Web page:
Binocular Rivalry and its neural processing in cortical hierarchy

It has been a mystery as to what level of cortical hierarchy is suppressed in visual processing from the amblyopic eye and how neural representations change when increasing contrast or paying attention to the amblyopic eye. In this project, we will adapt a standard EEG binocular rivalry paradigm, which modulates stimuli at different frequencies in each eye and incorporates a behavioral measure of perceptual eye dominance. We will simultaneously measure neural activity along the cortical hierarchy and perceptual eye dominance under 3 conditions: equal contrasts in the two eyes, perceptually…

Talking Signs

Created by William Loughborough in 1979, Talking Lights was a system of infrared transmitters and receivers allowing blind and visually impaired travelers to quickly and easily "read signs" at a distance.

Magic Map

The Magic Map is an interactive 3D map installed at the Magical Bridge Playground in Palo Alto, California. It consists of a 1/100 scale 3D bronze representation of the playground, which includes over seventy play structures organized into multiple play zones and paths. When the tip of the "Magic Wand" tethered to the map is pointed to a specific feature on the map, the name and description of the feature are read aloud in audio. This interactivity makes the map accessible to visitors with visual impairments, and without requiring them to read braille.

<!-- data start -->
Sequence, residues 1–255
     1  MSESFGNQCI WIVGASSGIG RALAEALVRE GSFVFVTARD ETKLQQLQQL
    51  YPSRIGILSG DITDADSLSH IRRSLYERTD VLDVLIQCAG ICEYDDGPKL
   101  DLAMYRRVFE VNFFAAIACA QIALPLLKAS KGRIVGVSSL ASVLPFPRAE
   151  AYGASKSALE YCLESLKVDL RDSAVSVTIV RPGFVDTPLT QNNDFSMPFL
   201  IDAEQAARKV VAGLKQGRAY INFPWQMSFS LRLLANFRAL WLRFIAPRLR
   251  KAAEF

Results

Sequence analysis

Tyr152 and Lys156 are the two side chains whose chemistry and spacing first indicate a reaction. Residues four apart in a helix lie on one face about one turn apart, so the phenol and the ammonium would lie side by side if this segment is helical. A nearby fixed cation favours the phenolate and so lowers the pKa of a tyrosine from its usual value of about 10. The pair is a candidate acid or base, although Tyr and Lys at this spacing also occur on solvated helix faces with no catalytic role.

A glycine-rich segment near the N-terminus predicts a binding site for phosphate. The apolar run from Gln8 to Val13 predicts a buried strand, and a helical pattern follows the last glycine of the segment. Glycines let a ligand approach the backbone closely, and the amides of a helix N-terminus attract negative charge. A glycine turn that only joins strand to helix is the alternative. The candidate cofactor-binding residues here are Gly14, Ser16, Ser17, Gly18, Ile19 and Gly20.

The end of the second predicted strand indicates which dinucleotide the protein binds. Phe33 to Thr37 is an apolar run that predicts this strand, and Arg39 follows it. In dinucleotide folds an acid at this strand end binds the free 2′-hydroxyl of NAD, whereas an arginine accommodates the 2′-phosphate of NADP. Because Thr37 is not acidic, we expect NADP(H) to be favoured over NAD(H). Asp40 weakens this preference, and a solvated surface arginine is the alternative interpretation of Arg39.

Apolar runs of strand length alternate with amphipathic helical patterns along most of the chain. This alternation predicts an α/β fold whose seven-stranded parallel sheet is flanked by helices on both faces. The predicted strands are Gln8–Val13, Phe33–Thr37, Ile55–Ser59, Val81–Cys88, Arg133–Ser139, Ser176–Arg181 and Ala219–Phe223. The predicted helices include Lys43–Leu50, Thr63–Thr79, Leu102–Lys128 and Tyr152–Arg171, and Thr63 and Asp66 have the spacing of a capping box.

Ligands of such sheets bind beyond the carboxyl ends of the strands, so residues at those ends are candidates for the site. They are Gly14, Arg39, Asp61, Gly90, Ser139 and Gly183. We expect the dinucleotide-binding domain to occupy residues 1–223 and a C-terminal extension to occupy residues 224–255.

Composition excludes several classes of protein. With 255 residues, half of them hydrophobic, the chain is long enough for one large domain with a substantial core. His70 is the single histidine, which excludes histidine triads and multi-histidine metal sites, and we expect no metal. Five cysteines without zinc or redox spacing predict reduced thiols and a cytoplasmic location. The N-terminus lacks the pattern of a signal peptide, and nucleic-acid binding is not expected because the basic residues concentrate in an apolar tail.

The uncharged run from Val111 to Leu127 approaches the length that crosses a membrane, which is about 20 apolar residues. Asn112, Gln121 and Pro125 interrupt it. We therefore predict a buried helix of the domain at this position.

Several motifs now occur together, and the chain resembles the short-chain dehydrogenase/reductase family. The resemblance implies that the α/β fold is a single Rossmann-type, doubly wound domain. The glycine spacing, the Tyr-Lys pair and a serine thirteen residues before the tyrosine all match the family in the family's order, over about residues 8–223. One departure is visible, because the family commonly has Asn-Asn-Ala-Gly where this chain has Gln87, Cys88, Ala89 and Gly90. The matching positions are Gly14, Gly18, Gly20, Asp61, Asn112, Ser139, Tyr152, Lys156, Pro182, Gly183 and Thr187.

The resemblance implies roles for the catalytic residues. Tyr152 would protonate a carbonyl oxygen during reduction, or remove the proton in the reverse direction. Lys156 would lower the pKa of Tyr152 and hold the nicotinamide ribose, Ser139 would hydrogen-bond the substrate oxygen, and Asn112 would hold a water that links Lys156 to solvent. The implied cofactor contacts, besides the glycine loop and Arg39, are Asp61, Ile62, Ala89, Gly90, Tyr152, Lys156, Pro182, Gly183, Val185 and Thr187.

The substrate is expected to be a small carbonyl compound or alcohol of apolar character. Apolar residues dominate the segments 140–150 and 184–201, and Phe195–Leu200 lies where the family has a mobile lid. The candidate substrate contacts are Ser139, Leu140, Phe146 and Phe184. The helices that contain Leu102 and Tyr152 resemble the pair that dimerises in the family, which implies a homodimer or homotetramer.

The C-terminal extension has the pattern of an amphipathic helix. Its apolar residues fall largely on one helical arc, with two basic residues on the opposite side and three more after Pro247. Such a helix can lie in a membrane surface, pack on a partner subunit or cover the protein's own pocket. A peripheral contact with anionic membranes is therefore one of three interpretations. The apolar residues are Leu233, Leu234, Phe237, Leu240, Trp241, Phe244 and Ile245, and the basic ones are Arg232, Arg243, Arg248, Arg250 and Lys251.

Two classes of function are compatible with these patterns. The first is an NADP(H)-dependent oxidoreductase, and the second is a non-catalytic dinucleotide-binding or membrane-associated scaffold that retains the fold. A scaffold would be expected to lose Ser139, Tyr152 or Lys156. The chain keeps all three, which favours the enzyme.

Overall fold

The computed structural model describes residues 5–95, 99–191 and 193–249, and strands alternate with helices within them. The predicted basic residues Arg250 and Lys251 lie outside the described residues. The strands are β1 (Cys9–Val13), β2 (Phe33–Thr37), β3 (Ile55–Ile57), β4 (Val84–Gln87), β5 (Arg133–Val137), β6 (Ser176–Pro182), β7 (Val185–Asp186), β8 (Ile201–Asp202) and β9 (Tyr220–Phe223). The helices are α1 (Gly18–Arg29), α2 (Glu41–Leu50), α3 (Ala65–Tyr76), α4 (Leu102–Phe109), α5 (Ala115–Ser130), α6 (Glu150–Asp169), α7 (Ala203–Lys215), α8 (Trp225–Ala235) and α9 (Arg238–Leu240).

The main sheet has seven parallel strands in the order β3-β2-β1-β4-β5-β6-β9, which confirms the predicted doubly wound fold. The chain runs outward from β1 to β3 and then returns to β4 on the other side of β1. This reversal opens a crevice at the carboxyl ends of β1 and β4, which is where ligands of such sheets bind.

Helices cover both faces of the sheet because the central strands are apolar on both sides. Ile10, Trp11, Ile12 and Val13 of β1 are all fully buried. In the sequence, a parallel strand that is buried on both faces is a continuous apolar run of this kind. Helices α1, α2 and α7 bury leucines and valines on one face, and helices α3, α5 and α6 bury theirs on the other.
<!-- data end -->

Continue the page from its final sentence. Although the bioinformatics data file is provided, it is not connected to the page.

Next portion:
Vestibular Function in AMD: Verticality Perception

To accurately perceive one’s own state and that of the surrounding environment, visual, vestibular and somatosensory inputs must be appropriately weighted and dynamically reweighted depending on the environment and task difficulty, as well as signal reliability (and availability). Aging is associated with an increase on visual dependence (a greater weighting of visual information). In this project we investigate how loss of visual information due to AMD affects this reweighting process and if an increase in visual dependence may be maladaptive in AMD.